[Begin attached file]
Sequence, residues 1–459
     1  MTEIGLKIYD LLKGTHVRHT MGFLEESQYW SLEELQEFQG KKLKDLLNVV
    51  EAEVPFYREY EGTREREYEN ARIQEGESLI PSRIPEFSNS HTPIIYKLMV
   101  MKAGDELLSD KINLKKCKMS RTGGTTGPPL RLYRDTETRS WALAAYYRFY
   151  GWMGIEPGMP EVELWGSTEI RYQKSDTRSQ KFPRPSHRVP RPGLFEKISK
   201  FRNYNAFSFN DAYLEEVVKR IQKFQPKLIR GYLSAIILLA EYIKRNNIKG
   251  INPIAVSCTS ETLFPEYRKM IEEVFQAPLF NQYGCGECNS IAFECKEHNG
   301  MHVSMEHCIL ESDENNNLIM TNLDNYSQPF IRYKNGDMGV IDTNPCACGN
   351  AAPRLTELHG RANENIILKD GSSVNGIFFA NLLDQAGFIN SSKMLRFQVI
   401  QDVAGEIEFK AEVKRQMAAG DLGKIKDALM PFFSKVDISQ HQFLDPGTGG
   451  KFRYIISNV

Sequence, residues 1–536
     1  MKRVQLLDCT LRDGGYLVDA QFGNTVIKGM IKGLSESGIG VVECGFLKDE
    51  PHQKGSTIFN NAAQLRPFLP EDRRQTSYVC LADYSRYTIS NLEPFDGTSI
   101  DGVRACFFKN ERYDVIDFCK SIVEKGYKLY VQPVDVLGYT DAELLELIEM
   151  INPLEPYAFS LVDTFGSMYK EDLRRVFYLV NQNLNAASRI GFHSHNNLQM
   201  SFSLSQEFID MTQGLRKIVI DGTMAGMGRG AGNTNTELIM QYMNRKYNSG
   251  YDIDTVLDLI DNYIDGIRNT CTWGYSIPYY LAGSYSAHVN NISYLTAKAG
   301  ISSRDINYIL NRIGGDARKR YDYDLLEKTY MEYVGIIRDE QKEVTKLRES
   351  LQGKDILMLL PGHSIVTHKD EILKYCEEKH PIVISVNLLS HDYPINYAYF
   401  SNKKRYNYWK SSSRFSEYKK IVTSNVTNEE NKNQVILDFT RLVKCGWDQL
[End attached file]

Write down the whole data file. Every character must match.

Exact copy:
Sequence, residues 1–459
     1  MTEIGLKIYD LLKGTHVRHT MGFLEESQYW SLEELQEFQG KKLKDLLNVV
    51  EAEVPFYREY EGTREREYEN ARIQEGESLI PSRIPEFSNS HTPIIYKLMV
   101  MKAGDELLSD KINLKKCKMS RTGGTTGPPL RLYRDTETRS WALAAYYRFY
   151  GWMGIEPGMP EVELWGSTEI RYQKSDTRSQ KFPRPSHRVP RPGLFEKISK
   201  FRNYNAFSFN DAYLEEVVKR IQKFQPKLIR GYLSAIILLA EYIKRNNIKG
   251  INPIAVSCTS ETLFPEYRKM IEEVFQAPLF NQYGCGECNS IAFECKEHNG
   301  MHVSMEHCIL ESDENNNLIM TNLDNYSQPF IRYKNGDMGV IDTNPCACGN
   351  AAPRLTELHG RANENIILKD GSSVNGIFFA NLLDQAGFIN SSKMLRFQVI
   401  QDVAGEIEFK AEVKRQMAAG DLGKIKDALM PFFSKVDISQ HQFLDPGTGG
   451  KFRYIISNV

Sequence, residues 1–536
     1  MKRVQLLDCT LRDGGYLVDA QFGNTVIKGM IKGLSESGIG VVECGFLKDE
    51  PHQKGSTIFN NAAQLRPFLP EDRRQTSYVC LADYSRYTIS NLEPFDGTSI
   101  DGVRACFFKN ERYDVIDFCK SIVEKGYKLY VQPVDVLGYT DAELLELIEM
   151  INPLEPYAFS LVDTFGSMYK EDLRRVFYLV NQNLNAASRI GFHSHNNLQM
   201  SFSLSQEFID MTQGLRKIVI DGTMAGMGRG AGNTNTELIM QYMNRKYNSG
   251  YDIDTVLDLI DNYIDGIRNT CTWGYSIPYY LAGSYSAHVN NISYLTAKAG
   301  ISSRDINYIL NRIGGDARKR YDYDLLEKTY MEYVGIIRDE QKEVTKLRES
   351  LQGKDILMLL PGHSIVTHKD EILKYCEEKH PIVISVNLLS HDYPINYAYF
   401  SNKKRYNYWK SSSRFSEYKK IVTSNVTNEE NKNQVILDFT RLVKCGWDQL